Anionic surfactants contain anionic functional groups at their head, such as sulfate, sulfonate, phosphate, and carboxylates. Prominent alkyl sulfates include ammonium lauryl sulfate, sodium lauryl sulfate (sodium dodecyl sulfate, SLS, or SDS), and the related alkyl-ether sulfates sodium laureth sulfate (sodium lauryl ether sulfate or SLES), and sodium myreth sulfate.

Others include:

Carboxylates are the most common surfactants and comprise the carboxylate salts (soaps), such as sodium stearate. More specialized species include sodium lauroyl sarcosinate and carboxylate-based fluorosurfactants such as perfluorononanoate, perfluorooctanoate (PFOA or PFO).

Cationic head groups[edit]

pH-dependent primary, secondary, or tertiary amines; primary and secondary amines become positively charged at pH < 10:[4] octenidine dihydrochloride.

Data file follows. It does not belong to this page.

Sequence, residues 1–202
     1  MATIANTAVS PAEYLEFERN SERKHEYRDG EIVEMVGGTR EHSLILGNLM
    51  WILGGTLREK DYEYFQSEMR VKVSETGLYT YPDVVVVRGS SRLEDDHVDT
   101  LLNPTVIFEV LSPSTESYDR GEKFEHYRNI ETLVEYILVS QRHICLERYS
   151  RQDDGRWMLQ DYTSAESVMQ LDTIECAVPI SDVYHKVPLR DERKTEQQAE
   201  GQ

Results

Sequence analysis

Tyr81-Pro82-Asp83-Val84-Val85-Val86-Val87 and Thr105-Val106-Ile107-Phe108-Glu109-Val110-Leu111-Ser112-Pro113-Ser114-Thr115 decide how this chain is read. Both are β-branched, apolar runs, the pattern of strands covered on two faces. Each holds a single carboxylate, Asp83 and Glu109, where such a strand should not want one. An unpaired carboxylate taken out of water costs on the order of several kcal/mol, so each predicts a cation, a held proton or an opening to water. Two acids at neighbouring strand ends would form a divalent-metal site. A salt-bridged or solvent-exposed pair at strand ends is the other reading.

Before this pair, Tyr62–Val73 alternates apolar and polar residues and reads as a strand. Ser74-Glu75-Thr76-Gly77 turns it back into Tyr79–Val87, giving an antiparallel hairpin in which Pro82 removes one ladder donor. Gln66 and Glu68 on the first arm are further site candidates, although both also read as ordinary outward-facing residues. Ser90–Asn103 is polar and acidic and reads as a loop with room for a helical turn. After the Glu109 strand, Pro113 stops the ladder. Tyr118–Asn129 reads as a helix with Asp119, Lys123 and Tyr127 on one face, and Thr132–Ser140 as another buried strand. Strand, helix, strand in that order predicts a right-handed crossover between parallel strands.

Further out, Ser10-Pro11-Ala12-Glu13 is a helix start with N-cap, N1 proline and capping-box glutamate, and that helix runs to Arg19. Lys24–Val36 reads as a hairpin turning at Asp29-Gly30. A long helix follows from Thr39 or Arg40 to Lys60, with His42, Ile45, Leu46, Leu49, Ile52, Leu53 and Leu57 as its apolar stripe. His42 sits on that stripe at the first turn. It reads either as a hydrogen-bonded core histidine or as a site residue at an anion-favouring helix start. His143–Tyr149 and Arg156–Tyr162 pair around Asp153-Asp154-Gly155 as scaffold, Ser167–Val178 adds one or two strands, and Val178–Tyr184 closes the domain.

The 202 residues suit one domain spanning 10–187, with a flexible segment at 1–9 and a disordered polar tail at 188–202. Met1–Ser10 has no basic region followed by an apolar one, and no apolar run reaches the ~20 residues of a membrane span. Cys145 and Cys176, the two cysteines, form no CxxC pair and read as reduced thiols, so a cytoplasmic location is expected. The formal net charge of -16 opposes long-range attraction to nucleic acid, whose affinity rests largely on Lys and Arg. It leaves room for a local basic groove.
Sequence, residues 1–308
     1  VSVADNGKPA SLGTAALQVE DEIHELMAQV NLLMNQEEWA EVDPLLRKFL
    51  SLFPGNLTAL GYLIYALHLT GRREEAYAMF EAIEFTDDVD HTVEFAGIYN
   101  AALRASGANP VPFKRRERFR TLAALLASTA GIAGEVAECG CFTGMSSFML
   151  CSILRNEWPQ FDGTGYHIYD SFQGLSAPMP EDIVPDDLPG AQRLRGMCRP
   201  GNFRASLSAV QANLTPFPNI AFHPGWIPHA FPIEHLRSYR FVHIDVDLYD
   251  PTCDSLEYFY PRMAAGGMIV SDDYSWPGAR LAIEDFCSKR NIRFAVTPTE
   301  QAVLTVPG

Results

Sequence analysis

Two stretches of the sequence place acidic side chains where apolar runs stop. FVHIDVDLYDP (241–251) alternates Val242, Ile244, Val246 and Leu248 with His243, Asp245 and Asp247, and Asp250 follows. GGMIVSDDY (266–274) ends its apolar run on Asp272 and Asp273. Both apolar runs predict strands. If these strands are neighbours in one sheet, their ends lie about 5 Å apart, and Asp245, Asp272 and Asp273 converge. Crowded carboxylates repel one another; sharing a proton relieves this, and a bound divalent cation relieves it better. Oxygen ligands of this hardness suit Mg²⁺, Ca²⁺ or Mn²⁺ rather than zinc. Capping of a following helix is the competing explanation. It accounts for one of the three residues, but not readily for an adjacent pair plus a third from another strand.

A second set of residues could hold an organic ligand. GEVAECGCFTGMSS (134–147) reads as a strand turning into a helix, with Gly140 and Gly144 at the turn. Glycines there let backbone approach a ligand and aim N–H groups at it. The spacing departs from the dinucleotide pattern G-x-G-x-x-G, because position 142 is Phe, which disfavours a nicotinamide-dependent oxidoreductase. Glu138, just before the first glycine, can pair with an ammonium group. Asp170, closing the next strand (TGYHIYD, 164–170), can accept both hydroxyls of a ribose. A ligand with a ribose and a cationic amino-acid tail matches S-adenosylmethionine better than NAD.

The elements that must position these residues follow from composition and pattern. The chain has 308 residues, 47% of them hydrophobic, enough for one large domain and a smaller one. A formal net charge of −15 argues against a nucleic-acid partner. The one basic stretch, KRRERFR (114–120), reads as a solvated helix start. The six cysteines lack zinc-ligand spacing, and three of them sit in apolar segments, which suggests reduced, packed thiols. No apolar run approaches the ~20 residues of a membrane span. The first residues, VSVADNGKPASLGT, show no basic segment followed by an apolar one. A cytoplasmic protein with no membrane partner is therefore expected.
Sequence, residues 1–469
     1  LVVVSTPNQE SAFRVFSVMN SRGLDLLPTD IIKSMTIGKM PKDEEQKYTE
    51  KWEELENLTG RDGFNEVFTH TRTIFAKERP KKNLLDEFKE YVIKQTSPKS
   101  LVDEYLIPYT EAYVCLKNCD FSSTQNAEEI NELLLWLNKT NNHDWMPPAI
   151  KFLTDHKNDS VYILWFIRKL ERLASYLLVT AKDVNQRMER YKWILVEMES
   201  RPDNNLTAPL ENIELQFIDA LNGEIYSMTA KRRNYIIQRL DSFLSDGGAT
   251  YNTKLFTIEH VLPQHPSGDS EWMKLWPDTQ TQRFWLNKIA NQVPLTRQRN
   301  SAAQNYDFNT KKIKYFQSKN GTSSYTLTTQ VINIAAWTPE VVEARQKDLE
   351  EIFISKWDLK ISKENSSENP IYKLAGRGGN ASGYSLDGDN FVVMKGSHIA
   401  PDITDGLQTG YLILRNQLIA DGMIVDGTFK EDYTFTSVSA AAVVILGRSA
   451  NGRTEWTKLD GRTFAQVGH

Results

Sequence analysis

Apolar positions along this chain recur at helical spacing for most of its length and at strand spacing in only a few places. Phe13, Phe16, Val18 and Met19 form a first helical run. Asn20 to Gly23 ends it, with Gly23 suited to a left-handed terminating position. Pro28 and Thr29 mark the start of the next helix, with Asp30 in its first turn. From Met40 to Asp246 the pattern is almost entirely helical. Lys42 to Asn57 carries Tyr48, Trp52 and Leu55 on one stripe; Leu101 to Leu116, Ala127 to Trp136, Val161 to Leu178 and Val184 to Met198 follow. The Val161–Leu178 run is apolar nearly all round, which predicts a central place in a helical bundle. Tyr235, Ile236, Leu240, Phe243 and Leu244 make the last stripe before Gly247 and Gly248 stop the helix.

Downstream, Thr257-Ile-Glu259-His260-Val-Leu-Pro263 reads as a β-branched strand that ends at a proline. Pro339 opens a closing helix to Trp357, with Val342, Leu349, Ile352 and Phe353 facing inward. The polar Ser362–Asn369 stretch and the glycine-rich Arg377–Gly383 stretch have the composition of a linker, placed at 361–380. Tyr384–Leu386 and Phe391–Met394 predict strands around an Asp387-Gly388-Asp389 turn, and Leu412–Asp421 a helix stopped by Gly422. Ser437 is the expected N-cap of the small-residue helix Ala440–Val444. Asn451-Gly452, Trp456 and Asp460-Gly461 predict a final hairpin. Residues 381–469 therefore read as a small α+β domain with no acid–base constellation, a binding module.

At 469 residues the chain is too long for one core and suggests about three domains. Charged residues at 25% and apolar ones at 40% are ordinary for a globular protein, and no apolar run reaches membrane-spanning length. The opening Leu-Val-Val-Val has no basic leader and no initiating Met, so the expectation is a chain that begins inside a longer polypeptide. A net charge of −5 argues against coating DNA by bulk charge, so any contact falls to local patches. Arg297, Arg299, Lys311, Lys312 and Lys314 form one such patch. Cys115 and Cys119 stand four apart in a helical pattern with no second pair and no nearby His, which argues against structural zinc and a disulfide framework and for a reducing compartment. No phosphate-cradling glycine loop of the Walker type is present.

Permanently charged quaternary ammonium salts: cetrimonium bromide (CTAB), cetylpyridinium chloride (CPC), benzalkonium chloride (BAC), benzethonium chloride (BZT), dimethyldioctadecylammonium chloride, and dioctadecyldimethylammonium bromide (DODAB).

Zwitterionic surfactants[edit]

Zwitterionic (amphoteric) surfactants have both cationic and anionic centers attached to the same molecule. The cationic part is based on primary, secondary, or tertiary amines or quaternary ammonium cations. The anionic part can be more variable and include sulfonates, as in the sultaines CHAPS (3-[(3-cholamidopropyl)dimethylammonio]-1-propanesulfonate) and cocamidopropyl hydroxysultaine. Betaines such as cocamidopropyl betaine have a carboxylate with the ammonium. The most common biological zwitterionic surfactants have a phosphate anion with an amine or ammonium, such as the phospholipids phosphatidylserine, phosphatidylethanolamine, phosphatidylcholine, and sphingomyelins.

Non-ionic[edit]

Non-ionic surfactants have covalently bonded oxygen-containing hydrophilic groups, which are bonded to hydrophobic parent structures. The water-solubility of the oxygen groups is the result of hydrogen bonding. Hydrogen bonding decreases with increasing temperature, and the water solubility of non-ionic surfactants therefore decreases with increasing temperature.